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250 Ton Floating Crane

The crane was used on the Manchester Ship Canal (MSC) from 1937 until the steam boiler safety certificate ran out in 2001. After twenty years of being laid up at Runcorn the crane was sold and the new owners arranged to tow it to Newcastle Upon Tyne. It has been rumoured that the crane will become either a museum or a floating bar/restaurant. The crane was being towed by the tug GT Victory of London when off the East Anglian coast it started taking on water and headed for port at Great Yarmouth, arriving on Friday 23rd. July. The stern was pumped out and a survey was carried out after five day in port on Wednesday 28th. July. The crane finally left port on Monday 2nd. August to continue it's tow to Newcastle. Name: The 250 Ton Crane Vessel type: Non self moving floating steam crane Home port: Manchester Length overall: 147 ft. (44.8 m) Beam: 44 ft. 3 in. (13.48 m) Minimum height: 69 ft. (21 m) Draught: 6 ft. 6 in. (2 m) Gross displacement: 600 tons Boiler: RT Scotch type Boiler builder: Lilybank Boiler Works, Glasgow, Scotland. Fuel: coal. Year built: 1937 Engines: 1 x 100 hp (75 kW) 1 x 53.5 hp (40 kW) Purpose: Electric drive to crane 2 x small engines Purpose: For dynamo & air compressor Engine builders: Ashworth & Parker Ltd, Bury, Lancashire Year built: 1937 Various pumps built by Drysdale, G. & J. Weir and Hayward Tyler Warping drums and deck winches built by Clarke Chapman Floating crane builder: N.V. Werf Gusto, Schiedam, Netherlands. Year built: 1937 Construction: Steel Ex owner: Manchester Ship Canal Co.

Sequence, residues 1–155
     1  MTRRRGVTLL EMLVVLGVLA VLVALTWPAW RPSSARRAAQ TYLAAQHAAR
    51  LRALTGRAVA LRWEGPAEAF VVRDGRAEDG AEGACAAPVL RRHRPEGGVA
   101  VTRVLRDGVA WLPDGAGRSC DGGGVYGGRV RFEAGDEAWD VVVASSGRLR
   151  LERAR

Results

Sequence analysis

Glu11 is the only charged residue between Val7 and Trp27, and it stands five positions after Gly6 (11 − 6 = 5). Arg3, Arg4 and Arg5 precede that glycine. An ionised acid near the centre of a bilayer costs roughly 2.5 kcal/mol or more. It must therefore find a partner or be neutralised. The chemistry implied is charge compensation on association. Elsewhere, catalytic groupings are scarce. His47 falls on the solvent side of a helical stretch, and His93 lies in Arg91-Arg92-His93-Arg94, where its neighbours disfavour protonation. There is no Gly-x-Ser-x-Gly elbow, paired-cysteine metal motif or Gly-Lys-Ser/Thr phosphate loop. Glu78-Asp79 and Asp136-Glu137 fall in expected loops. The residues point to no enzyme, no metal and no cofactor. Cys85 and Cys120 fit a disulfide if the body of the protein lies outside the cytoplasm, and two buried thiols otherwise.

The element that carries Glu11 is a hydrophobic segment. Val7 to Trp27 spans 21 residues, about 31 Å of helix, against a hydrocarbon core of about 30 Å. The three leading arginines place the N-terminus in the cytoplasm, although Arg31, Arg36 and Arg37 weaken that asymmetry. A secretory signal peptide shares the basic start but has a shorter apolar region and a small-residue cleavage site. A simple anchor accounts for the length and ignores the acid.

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  • You have found my crane!!! Great shot Jack and great info - well done. Looks better already.
    • Thanks Howard . it must of be coming up here when you snapped her.
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